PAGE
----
For Pedro Hernandez, a striking elementary-school teacher from the southern state of Oaxaca, his union's protests disrupting Mexico's capital aren't just about education. They're about stopping President Enrique Pena Nieto.

"We're against all the structural reforms," the 37-year-old said last week as he walked down Mexico City's central boulevard as part of an organized march of 15,000. Hernandez held a sign that read "Mexico has no president."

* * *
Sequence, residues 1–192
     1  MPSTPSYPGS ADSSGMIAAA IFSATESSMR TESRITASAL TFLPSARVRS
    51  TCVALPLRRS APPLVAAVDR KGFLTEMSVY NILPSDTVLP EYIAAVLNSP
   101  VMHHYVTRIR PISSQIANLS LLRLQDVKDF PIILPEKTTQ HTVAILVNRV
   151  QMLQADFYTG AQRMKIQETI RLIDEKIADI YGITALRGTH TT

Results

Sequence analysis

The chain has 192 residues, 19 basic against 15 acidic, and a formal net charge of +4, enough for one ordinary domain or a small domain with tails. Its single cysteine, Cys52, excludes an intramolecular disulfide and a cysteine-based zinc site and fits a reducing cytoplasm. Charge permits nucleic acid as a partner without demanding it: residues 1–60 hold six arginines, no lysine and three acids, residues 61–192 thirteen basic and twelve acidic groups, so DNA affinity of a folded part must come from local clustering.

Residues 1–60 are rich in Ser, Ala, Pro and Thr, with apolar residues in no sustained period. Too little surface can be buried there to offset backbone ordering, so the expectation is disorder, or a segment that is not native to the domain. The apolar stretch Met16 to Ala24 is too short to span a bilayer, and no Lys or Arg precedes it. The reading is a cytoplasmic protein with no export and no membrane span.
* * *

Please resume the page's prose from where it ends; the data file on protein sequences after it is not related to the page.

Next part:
The demonstrations, which persuaded Mexican lawmakers to delay votes on education-reform legislation that would have subjected teachers to standardized evaluations, are a sign to Barclays Plc that Pena Nieto may struggle to push through his energy and tax-law plans without modification.

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